4 out of 5 stars

Readers of Diana Gabaldon’s Outlander novels were in for a bit of a surprise this week with the broadcast of “Through A Glass, Darkly”, season 2’s opener of Starz’s adaptation of the historical fantasy drama. In Gabaldon’s second novel, Dragonfly in Amber, nurse Claire Randall (Caitriona Balfe)—holidaying in the Scotland of 1945 and whisked away to the Jacobite uprising of 1743 through the standing stones of Craigh na Dun—reveals she returned to her own time and has been living with her husband Frank Randall (Tobias Menzies) until 1968. Not wishing to spoil the enjoyment for potential readers, the opening of the book does initiate major plot strands that TV producer Ronald D. Moore clearly wanted to tackle with a simpler approach.

Moore recently voiced concerns about adapting Dragonfly in Amber’s complex nature for television and indicated his determination to make Frank a more sympathetic character. “I liked the beginning of the book, but I thought it was too much to give to the TV audience all at once,” Moore suggested to Yahoo! TV. Apparently, the TV series will eventually circle back to 1968. Bearing in mind Frank Randall’s divisive reputation with fans of the books, who are far keener on the romance between Claire and her other husband Jamie Fraser (Sam Heughan), he wanted to explore the reparations to the Randall’s marriage and of Frank felt “a responsibility to make sure that he’s worthy of my heroine.” With “Through A Glass, Darkly”, I think he partly succeeds.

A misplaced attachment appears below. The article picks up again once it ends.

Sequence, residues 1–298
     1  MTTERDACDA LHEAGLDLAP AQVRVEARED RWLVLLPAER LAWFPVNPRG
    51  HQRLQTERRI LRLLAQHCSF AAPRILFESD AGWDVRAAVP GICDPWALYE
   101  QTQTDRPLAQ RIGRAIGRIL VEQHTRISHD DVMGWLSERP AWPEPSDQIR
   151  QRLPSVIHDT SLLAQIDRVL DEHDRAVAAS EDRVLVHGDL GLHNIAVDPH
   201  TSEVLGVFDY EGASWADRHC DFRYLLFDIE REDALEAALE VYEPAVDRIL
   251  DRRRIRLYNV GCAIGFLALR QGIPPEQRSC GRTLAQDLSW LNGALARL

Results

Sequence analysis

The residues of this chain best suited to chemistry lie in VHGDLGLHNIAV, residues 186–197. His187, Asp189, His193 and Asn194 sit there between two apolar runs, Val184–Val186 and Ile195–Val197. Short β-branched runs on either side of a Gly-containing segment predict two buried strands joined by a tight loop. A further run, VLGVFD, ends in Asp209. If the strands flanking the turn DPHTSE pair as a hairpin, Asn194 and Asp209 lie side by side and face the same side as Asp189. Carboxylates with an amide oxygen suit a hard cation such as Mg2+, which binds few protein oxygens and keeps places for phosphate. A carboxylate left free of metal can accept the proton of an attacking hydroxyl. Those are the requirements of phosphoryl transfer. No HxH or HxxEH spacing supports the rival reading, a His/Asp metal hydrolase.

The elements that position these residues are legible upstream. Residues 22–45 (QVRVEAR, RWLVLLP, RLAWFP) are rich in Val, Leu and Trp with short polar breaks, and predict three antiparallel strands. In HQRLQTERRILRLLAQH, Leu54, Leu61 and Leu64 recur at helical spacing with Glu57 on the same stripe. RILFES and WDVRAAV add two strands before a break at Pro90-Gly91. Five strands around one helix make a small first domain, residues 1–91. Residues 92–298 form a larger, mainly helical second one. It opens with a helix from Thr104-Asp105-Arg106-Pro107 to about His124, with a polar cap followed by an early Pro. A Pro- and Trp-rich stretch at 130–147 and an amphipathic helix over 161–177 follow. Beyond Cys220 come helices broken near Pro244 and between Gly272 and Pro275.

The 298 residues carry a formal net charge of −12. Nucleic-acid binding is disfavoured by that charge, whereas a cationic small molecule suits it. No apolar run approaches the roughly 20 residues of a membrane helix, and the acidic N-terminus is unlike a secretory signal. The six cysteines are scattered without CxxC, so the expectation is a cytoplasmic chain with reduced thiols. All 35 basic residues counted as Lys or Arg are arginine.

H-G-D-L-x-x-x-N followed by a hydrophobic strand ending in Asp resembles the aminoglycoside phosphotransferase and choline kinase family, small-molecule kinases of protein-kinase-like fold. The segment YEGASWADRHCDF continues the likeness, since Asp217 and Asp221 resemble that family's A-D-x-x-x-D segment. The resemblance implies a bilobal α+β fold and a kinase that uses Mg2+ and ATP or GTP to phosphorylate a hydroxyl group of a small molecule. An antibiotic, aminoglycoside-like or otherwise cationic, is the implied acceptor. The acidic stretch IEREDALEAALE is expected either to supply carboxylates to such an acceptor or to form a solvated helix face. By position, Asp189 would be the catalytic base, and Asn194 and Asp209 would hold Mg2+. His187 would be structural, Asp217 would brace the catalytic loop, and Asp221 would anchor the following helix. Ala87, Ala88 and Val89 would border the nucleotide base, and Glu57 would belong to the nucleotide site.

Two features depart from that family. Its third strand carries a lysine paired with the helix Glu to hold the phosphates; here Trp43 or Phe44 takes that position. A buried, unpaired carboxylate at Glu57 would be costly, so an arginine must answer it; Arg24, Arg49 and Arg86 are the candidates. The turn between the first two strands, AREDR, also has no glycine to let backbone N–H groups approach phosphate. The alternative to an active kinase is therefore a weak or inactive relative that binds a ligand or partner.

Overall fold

outlander - through a glass, darkly

The episode offers a flashforward to 1948, rather than 1968, and restructures the perspective of the story from Frank’s point of view after Claire’s traumatic return to the 20th-century. Moore allows “Through A Glass, Darkly” to focus on Frank’s reaction to Claire’s sudden return. Having given up all hope of ever seeing her again, he became the subject of malicious gossip that Claire had departed with another man. We’re presented with a man still desperately in love with his missing wife but fearful of the reputation he might have with his peers, as the press start to intrude with stories that his spouse was possibly ‘Kidnapped By the Fairies?’ Ironically, the headlines are closer to the supernatural causes of Claire’s disappearance than they think.

It’s a tense, cathartic two-hander between Tobias Menzies and Caitriona Balfe; exploring the anger, resentment and regret generated by Claire’s fantastic confession about her life in 18th-century Scotland, eventual marriage to Jamie Fraser, and later bearing his child. These scenes run the gamut of emotions: the peaks and troughs of joy and despair when Frank discovers that Claire’s pregnant, but that the child isn’t his. Menzies captures the man’s devastation perfectly. Several ghosts haunt the relationship, with one caught in flashback when Claire recoils from a husband who resembles his brutish ancestor ‘Black Jack’ Randall, the source of so much pain and degradation for both Jamie and Claire. Fortunately, Frank takes his frustrations and anger out on Reverend Wakefield’s potting shed.